There are two instances in the novel that spring to mind as examples of very uneasy reading.  The first, when a young female officer is panicking and Hadrian kisses her unexpectedly.  This has the result of shocking her out of her panic.  It is easy to imagine a similar situation in Star Trek, although it is much more likely that Kirk would have either shaken the young officer very roughly, or simply struck her, something that Kirk did not shy away from.  Because of the comparison drawn between Kirk and Hadrian we are forced to confront the disturbing evaluation of their behaviour.  While neither action is praiseworthy, are they equally bad?  Are we more comfortable with physical violence against women than with a kiss?  Erikson doesn’t offer answers to this, but merely poses the situation and the question.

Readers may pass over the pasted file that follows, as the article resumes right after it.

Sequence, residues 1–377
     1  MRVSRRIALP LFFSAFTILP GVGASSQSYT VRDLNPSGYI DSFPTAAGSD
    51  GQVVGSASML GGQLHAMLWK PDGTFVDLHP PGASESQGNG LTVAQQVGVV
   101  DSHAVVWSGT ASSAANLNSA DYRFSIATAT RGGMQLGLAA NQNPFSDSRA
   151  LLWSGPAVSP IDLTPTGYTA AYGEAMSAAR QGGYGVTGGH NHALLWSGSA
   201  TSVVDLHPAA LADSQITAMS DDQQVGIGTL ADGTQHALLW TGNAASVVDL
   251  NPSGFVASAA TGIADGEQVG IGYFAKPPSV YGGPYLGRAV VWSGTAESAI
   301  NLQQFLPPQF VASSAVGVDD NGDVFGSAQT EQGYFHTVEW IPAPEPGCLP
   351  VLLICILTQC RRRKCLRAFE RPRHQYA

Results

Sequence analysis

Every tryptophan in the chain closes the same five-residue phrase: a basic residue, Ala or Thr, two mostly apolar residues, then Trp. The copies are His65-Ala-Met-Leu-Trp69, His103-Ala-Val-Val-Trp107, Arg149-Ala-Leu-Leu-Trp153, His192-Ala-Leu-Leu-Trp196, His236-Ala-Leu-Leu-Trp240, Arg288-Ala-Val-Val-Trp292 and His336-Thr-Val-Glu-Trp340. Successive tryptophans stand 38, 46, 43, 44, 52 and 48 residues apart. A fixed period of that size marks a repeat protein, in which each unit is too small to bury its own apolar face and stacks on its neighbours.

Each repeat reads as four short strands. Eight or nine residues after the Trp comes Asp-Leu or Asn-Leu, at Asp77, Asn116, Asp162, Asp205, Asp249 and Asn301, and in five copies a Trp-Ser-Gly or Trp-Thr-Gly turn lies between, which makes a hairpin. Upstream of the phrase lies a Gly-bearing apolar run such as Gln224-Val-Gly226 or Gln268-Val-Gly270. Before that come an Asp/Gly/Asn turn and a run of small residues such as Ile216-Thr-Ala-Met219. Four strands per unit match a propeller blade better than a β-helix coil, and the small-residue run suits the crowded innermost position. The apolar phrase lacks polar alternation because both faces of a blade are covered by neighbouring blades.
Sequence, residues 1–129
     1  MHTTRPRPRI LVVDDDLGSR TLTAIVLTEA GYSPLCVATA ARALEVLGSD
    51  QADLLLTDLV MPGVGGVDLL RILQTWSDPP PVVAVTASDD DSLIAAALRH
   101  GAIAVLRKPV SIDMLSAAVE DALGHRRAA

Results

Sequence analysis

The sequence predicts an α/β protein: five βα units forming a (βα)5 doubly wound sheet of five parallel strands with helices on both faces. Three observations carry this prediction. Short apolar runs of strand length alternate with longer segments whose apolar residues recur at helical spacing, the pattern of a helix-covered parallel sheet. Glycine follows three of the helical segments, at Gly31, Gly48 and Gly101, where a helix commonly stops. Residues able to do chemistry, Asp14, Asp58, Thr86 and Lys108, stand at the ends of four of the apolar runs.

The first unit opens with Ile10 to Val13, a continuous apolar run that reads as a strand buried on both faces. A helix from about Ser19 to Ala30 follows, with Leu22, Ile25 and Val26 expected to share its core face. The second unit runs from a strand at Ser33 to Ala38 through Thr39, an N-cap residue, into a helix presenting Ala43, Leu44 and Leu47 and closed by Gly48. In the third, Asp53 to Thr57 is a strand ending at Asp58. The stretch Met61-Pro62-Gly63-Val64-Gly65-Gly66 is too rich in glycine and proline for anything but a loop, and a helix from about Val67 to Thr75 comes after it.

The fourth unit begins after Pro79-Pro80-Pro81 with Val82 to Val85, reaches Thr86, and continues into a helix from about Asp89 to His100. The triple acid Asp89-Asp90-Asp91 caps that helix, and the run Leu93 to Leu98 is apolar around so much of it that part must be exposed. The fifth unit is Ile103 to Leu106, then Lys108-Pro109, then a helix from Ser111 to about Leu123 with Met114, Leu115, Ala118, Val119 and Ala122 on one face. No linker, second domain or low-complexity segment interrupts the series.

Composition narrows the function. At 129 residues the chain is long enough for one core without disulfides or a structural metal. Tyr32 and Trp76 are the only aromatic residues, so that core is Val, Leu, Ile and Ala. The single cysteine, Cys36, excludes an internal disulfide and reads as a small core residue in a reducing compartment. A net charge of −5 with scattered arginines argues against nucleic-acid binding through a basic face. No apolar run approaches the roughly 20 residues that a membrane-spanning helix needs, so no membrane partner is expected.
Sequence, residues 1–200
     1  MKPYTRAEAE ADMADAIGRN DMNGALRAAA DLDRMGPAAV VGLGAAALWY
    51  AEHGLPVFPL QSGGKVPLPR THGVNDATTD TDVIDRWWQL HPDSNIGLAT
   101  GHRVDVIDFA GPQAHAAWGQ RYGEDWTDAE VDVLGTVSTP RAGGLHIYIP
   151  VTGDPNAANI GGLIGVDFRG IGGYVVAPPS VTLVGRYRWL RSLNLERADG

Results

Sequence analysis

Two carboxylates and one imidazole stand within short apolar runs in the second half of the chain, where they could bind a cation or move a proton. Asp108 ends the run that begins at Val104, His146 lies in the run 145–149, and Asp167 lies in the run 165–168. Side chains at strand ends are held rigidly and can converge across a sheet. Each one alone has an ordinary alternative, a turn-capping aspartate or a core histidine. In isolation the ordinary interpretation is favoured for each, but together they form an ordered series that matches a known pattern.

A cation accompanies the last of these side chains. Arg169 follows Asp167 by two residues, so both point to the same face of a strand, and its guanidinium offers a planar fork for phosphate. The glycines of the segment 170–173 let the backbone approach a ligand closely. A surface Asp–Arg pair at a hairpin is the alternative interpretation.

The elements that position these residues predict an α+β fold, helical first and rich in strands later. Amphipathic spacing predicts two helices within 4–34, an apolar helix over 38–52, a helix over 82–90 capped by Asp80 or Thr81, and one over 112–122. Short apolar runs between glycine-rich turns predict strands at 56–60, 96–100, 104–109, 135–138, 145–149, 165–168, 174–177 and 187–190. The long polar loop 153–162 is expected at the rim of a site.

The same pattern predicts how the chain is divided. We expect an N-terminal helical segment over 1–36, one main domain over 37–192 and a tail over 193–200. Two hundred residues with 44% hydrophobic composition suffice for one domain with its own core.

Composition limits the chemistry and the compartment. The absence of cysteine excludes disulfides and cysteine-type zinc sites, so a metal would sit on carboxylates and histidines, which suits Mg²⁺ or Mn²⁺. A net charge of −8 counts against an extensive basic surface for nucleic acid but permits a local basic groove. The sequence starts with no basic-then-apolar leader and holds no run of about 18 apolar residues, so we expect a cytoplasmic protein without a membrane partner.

In the second instance, the adjutant is drinking heavily in the ship’s bar and Hadrian wants to go and meet her with the intention of seducing her.  He asks Tammy how drunk she is, trying to gauge whether she is drunk enough to want to sleep with him, not so drunk that she would be incapable of consenting, and not so sober that she would refuse him outright.  This exchange makes for very uncomfortable reading, not only because of connotations of date rape and predatory dating practices, but because it reflects every day, commonplace behaviour that we deem socially acceptable.  Namely buying alcoholic drinks in a bar for someone we deem attractive.  Hadrian does not want to sleep with Lorrin if she cannot or will not consent, he is not a rapist and has no wish or desire to assault her.  He wants her to willingly sleep with him.  But he also reasons that she is more likely to accept his proposition if she is a bit drunk and less inhibited.  This is a practice that we recognise all too easily, and shades of grey can separate socially acceptable behaviour and predatory practice.  Erikson consciously chose to include both these instances and while he ensures that Hadrian never has the chance to be genuinely predatory, it creates a very disturbing picture that we are all too familiar with from conventions and conferences.  This is a reality we live in.